THE Premier Regional Business Awards will cap off its 25th and final year with a “spectacular” gala dinner in Springvale.
Greater Dandenong Chamber of Commerce held its final breakfast under the current awards program at Sandown Greyhounds in Springvale on Wednesday 25 November.
MC Jamie Sturgess told guests he expected them all to return on Wednesday 13 April for “the most expensive event ever held in this room”.
There’ll be displays highlighting every Premier Regional Business Award winner and each of the 400-plus guests will get to vote for the 2015 winner.
The chamber will launch a new business recognition breakfast program in May.
This year each breakfast highlights a successful business from the awards’ past and a newcomer with a bright future.
SteriHealth was this breakfast’s newcomer, though Dan Daniels founded the business in 1986 during the HIV epidemic.
Strategic development director Mike Magyar said health providers would destroy sharps containers along with the needles inside and Mr Daniels thought this was a real waste.
In his garage he designed a sharps container that could be washed, sanitised and re-distributed.
A PVC pipe with a cap on each end and a hole drilled in it was “the first product he got into The Alfred hospital”.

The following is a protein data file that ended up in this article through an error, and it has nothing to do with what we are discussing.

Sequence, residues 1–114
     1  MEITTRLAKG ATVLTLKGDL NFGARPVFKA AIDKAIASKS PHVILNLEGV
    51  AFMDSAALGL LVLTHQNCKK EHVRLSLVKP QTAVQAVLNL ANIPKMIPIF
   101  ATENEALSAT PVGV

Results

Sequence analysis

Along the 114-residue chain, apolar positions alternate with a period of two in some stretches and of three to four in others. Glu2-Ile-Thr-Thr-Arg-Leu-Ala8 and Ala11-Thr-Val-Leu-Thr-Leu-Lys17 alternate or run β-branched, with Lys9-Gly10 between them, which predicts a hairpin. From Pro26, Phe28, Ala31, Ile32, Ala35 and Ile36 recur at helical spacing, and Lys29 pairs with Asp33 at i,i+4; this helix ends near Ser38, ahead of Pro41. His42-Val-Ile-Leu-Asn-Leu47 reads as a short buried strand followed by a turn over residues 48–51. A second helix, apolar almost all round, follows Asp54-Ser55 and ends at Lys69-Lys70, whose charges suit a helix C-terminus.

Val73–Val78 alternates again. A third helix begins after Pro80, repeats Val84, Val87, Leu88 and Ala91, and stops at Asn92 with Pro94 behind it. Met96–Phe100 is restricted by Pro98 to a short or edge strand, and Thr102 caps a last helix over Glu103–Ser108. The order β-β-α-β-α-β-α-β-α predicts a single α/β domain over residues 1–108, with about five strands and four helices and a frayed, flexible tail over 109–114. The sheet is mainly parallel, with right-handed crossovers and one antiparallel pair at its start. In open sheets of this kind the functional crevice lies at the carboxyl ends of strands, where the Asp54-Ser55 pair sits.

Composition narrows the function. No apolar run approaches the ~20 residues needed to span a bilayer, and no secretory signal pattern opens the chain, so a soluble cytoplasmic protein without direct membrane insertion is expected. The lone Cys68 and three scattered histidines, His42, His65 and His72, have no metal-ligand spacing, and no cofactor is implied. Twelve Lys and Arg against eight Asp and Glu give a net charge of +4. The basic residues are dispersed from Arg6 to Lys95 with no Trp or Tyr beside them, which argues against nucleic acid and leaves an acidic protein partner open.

After a stint as a public company, SteriHealth is back in private hands under the Daniels International Australia umbrella.
It employs 350 people in Australia, including 155 in Dandenong.
Fantech won the 2009 Premier Regional Business Award and that year’s Employment Award.
Marketing director Paul de Bruin said “in very simple terms we do make fans”.
But electronically controlling ventilation and air quality is the company’s focus.
Fantech employs 130 people in Dandenong and uses innovative systems to share the workload.
The morning’s Youth Enterprise Award nominee Courtney Pastean has won outstanding student awards for her beauty coursework at Chisholm Institute in Dandenong.
The Keysborough 17-year-old recalled getting into her mum’s make-up bag to play dress-ups and feeling empowered by the result.
Courtney wants to help others feel the same way and dreams of running a free service for people feeling self-conscious about their appearance due to illness and accidents.
“I want to bring empowerment back to people,” she said.
She’ll take a gap year next year to “experience life” before returning to studies at Chisholm in 2017.
Chamber vice president Roy Sanderson presented a cheque for $10,000 to Make-A-Wish Australia’s Laurie Leeman.
The money raised at the chamber’s Grand Final Charity Lunch will help Cooper to produce his own how-to movies and Scarlett to meet a flying unicorn with a horn that tastes like rainbows.
Continuing the spirit of giving, guests brought food for the Springvale Benevolent Society.
President Joe Rechichi said the group lost $70,000 in Federal Government funding earlier this year – 70 per cent of its annual budget.
The society helped 598 families and individuals last year, including nearly 550 children.
“Whatever we have, we do our very best to support those most in need,” Mr Rechichi said.
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